Checks, balances in place if deceased person gets absentee voter registration materials in mail

MATTHEWS, N.C. — Election Day is three months away and because of the pandemic, mail-in ballots and voter fraud have become a hot topic.

Debbie McSwain, of Matthews, said she got an absentee voter registration in the mail for her husband, who died in 2000.

They were married for 30 years.

“I got this in the mail yesterday,” McSwain said. “It is a letter to my husband, who is deceased.”

The letter is from the Democratic Senatorial Campaign Committee and in it are all the materials someone would need to register to vote.

“So, then I thought this is just a prime opportunity for voter fraud,” she said. “I could fill it out and sign his name, send it in. He would go back on the books and then somebody could go vote for him.”

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Channel 9 contacted the Democratic Senatorial Campaign Committee about the mistake but didn’t get a clear reason how it happened.

A spokesperson stated that their flier in the letter said that citizens may only apply if they are eligible to register, and it is irresponsible to suggest that efforts to make sure eligible voters can cast their ballots are fraudulent.

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The head of the Mecklenburg County Board of Elections, Michael Dickerson, said a variety of groups mail voter registration forms, not just the Democratic and Republican parties.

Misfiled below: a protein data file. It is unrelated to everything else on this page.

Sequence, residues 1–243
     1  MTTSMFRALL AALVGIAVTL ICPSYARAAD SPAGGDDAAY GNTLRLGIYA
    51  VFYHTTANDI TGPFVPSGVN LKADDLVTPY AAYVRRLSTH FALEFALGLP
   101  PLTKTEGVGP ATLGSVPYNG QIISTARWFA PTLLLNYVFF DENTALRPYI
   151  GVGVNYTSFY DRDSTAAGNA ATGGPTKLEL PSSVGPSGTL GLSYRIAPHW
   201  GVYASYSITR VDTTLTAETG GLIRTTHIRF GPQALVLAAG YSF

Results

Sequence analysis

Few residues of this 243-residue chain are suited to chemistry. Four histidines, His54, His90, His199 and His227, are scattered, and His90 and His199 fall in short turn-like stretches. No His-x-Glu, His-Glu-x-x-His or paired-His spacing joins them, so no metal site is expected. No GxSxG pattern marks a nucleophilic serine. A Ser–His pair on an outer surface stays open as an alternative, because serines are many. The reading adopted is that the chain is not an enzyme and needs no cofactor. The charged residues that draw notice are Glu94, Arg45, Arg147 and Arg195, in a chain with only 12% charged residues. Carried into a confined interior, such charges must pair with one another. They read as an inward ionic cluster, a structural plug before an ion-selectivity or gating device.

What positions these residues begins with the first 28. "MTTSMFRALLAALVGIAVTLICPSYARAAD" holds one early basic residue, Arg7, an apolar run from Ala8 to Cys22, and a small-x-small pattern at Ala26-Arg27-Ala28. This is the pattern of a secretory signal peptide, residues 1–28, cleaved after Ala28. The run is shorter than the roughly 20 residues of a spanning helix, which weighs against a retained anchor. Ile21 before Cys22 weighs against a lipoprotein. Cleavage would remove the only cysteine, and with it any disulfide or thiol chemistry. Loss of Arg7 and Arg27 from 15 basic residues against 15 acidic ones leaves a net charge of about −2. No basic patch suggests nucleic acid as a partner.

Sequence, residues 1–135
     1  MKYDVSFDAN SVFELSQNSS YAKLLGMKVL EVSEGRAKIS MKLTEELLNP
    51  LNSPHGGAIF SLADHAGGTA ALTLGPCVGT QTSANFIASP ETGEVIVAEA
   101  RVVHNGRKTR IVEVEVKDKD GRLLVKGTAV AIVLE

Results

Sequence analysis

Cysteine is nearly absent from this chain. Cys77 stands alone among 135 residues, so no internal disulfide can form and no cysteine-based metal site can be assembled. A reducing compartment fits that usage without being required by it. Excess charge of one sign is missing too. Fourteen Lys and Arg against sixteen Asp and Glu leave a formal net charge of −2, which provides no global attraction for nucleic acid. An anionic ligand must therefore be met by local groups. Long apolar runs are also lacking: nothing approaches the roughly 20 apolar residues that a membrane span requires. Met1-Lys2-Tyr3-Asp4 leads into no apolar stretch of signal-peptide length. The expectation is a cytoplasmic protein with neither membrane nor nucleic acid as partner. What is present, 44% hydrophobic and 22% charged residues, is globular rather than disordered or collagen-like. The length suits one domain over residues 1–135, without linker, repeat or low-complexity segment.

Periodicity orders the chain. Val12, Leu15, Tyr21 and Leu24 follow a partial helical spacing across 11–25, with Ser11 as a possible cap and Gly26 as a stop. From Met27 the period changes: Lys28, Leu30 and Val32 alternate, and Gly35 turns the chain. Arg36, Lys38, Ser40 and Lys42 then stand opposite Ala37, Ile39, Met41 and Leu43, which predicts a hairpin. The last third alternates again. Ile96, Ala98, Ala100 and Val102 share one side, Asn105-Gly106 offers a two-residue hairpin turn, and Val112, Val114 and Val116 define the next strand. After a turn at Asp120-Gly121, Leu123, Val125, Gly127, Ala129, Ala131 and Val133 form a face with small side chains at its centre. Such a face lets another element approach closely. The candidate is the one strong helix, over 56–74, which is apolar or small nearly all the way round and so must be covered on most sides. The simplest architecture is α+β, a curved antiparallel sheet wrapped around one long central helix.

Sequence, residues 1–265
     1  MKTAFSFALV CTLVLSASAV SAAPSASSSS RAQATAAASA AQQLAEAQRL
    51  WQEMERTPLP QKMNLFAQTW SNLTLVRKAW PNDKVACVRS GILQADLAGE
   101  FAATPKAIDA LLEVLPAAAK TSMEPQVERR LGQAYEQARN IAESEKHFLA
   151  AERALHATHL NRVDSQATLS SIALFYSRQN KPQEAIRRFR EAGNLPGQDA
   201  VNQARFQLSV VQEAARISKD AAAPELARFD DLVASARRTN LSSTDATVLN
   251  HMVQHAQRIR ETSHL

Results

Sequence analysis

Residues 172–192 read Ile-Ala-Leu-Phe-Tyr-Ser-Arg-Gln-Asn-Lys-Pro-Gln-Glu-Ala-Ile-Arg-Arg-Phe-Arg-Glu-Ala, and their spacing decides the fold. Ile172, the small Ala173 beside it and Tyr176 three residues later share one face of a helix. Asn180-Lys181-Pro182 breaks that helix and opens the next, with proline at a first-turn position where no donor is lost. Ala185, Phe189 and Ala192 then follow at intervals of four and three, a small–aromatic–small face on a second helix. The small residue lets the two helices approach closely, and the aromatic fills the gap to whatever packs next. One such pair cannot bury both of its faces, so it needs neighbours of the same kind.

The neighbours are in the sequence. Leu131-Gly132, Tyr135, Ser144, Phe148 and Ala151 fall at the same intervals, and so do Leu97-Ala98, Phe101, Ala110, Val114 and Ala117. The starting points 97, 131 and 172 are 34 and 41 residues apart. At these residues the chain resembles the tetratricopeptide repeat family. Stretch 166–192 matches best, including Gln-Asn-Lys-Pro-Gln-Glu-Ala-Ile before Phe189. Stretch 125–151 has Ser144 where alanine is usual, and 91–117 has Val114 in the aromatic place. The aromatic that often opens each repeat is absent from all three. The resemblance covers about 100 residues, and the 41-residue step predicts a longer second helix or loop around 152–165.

Dickerson said there is a system of checks and balances in place. So, if an outside group, such as the DSCC, sends a letter to a deceased person or someone who is not eligible, that mistake will be caught before any harm can be done.

“We remove the people we are supposed to remove, death notices, felony convictions,” Dickerson said.

When it comes to those who are deceased, the state backstops every board.

“So, we get a list of people who have passed away, whose last address was Mecklenburg County and that comes from the Department of Health and Human Services in Raleigh,” Dickerson said. “And it’s fed through our state system that all 100 counties have and the state says, ‘These are the ones from Mecklenburg County you need to go through and remove them.’”

McSwain said her husband was very patriotic and would have been furious at the thought that someone could have fraudulently used his vote.

“I find it hard to believe after 20 years that it was a mistake,” she said.